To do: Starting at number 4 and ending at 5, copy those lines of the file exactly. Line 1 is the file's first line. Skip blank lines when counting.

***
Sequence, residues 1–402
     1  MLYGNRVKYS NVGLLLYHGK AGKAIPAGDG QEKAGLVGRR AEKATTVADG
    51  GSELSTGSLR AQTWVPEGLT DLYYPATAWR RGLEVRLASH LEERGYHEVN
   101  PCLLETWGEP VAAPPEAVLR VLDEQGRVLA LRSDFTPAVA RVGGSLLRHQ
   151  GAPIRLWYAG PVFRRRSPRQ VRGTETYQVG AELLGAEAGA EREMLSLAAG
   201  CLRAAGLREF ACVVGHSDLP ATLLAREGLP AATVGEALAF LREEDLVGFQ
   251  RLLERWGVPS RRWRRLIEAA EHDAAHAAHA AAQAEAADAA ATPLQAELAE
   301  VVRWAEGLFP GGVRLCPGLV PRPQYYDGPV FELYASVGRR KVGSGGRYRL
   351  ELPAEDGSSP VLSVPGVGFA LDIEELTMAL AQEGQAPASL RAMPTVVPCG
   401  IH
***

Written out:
   101  PCLLETWGEP VAAPPEAVLR VLDEQGRVLA LRSDFTPAVA RVGGSLLRHQ
   151  GAPIRLWYAG PVFRRRSPRQ VRGTETYQVG AELLGAEAGA EREMLSLAAG